The Montpellier BIC’s efforts to grow the program have paid off. Between 2002 and 2006, the number of BIC clients increased from 63 to 127, the incubator staff grew from nine to 18, and available incubator space grew from 38,000 square feet to 97,000 square feet (with the launch of the Cap Omega facility). These new activities were funded by Montpellier Agglomération, which provides 50 percent of the incubator’s budget; rent and service fees from clients; and financial subsidies provided by the French government and the European Union.
Since international development became a priority for the program in 2004, BIC has helped four foreign technology companies open offices in France, including Diasys from Germany, RNA from the United Kingdom, Auris from Switzerland and Ixento from China. During the last few years, BIC staff have also helped local companies – including Techsia – set up foreign subsidiaries. The program also offers training courses for entrepreneurs who want to expand operations internationally.
One of the program’s main objectives in recent years has been to develop international networks to make it easier for clients to set up operations abroad. In 2004, Montpellier BIC signed a reciprocal agreement with the Shanghai Incubator Network, through which start-ups from China could enter the French market or French companies could go to China. To date, one Chinese company has set up operations in a BIC incubator facility and two French businesses have opened offices in Shanghai.
“The organization’s international objectives match Montpellier’s global strategy,” Reeb says. “For example, establishing relationships with Chinese incubators is part of the plan to create ties with Shanghai. Our multi-year plan for 2006-2009 includes more development with incubators in the United States and reinforcing ties with European countries.”
To that end, the Montpellier BIC expanded its international network during its 20th anniversary celebration in July, when the staff signed agreements with two other NBIA-award-winning incubators: the Rensselaer Polytechnic Institute Incubator Program of Troy, N.Y. (NBIA’s 1995 Randall M. Whaley Incubator of the Year) and the William M. Factory Small Business Incubator of Tacoma, Wash. (NBIA’s 2005 Incubator of the Year). The Montpellier BIC also is finalizing an international agreement with a business innovation center in Italy.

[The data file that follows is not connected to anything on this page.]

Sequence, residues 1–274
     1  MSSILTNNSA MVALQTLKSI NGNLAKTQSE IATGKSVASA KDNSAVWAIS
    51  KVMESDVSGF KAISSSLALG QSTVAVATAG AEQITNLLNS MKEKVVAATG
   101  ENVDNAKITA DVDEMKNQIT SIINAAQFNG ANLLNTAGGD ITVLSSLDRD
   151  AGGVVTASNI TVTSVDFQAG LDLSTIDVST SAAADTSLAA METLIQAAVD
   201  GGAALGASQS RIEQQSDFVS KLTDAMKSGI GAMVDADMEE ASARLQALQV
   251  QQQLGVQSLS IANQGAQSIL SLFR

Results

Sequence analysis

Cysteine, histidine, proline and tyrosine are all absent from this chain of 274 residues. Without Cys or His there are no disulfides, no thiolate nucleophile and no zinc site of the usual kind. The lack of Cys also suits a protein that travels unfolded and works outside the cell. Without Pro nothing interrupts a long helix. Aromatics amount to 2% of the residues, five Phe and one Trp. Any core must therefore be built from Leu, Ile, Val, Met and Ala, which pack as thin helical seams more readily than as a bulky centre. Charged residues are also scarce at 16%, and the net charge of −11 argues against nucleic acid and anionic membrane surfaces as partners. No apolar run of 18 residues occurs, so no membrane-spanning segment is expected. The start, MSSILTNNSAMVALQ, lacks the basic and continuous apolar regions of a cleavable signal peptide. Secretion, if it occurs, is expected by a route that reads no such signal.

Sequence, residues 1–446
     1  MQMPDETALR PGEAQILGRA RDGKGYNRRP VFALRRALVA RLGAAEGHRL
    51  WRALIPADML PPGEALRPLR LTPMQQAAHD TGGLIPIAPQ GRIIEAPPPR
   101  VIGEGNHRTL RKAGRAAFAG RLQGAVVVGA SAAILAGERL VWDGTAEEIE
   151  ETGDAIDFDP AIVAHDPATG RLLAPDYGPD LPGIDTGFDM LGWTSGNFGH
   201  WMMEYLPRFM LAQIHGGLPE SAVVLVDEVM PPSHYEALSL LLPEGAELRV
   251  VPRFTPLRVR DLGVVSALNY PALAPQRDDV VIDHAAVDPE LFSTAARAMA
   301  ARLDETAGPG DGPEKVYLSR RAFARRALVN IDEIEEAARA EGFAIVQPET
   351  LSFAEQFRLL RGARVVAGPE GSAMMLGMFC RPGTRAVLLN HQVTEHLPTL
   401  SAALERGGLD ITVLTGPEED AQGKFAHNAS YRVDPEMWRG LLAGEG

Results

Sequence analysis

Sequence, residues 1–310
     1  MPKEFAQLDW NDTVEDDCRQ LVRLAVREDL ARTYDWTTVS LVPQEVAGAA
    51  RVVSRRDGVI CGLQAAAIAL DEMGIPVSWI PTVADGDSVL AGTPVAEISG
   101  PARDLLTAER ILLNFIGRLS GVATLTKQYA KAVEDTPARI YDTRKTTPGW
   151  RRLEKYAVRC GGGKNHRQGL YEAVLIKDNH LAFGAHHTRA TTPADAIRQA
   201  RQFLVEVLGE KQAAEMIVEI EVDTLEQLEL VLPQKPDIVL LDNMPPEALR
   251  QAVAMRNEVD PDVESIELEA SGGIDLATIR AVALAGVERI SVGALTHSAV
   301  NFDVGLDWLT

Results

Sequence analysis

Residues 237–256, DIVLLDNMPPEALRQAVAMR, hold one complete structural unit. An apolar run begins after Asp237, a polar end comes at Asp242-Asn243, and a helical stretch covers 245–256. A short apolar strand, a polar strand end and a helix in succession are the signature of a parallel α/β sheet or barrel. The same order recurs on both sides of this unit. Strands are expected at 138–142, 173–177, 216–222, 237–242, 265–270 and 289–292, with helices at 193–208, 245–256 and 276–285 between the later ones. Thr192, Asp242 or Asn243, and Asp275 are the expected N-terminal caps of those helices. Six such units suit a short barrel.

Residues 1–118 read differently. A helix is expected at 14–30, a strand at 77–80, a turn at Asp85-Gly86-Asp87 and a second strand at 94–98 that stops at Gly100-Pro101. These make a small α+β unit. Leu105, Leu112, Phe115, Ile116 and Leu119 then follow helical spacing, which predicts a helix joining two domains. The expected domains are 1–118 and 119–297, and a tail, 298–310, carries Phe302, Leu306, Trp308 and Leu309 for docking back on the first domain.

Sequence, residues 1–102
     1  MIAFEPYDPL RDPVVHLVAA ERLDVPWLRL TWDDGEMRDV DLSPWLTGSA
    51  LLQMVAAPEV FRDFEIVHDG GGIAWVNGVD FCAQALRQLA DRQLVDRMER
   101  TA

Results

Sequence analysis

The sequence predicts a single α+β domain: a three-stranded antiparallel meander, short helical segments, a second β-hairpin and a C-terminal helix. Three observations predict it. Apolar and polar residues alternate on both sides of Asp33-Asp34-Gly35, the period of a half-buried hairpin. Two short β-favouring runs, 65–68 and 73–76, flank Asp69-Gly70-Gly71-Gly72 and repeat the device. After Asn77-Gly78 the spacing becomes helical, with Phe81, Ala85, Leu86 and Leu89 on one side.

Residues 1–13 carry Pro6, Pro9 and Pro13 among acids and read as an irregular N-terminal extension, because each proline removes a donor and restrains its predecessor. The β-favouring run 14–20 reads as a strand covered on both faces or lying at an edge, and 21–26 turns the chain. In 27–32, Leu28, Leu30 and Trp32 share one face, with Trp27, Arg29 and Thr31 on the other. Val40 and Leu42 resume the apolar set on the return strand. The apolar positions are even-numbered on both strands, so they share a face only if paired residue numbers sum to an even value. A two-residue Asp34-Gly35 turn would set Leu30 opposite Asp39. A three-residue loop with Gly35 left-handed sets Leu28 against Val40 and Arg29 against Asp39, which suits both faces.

“Globalization is gaining ground everywhere,” says Karine Chorro, project manager of international incubator development for Montpellier BIC. “Start-ups – and particularly innovative start-ups – need to enter international markets earlier and earlier, so incubators that want to provide the most useful services to their clients must find an efficient way to help them go abroad.”
Montpellier sought out relationships with both RPI and William Factory because the two programs operate on opposite coasts of the United States and serve different types of businesses. They also offer different geographic markets for BIC clients that want to expand to the United States. Despite their differences, though, the William Factory incubator and RPI share similarities with Montpellier BIC, Chorro says. For example, RPI and Montpellier share a mission of serving technology businesses and partnering with universities, and William Factory and Montpellier both aim to stimulate economic development and job creation in their communities.
“These programs are both ambitious, and so are we,” Chorro says. “Montpellier BIC has been a strategic part of local policy and economic outlook since 1987, seeking to make the Montpellier area an economically dynamic place where positive conditions generate jobs and value, and we plan to continue to develop programs to help us in that role.”
Montpellier Business and Innovation Centre
Rond Point Benjamin Franklin, CS 39521
34960 Montpellier Cedex 2, France
Year established: 1987
Size: 95,000 square feet (in two facilities)
Focus: Assists life science companies in Cap Alpha facility, and information and communication technology businesses in Cap Omega facility
Incubator clients: 61 pre-incubation projects, 64 start-ups and six developing companies
Incubator graduates: More than 370
Organizational structure: The Montpellier Business and Innovation Centre is a department of the Montpellier Agglomération and operates as a tax-exempt, publicly funded organization.
Mission: To help innovative companies with significant growth potential get started, create new jobs and develop their businesses.
Keywords: best practices, international incubation, international trade, seminars and training programs, soft landings
Phone: (740) 593-4331
Fax: (740) 593-1996
340 West State Street, Unit 25
Athens, OH 45701-1565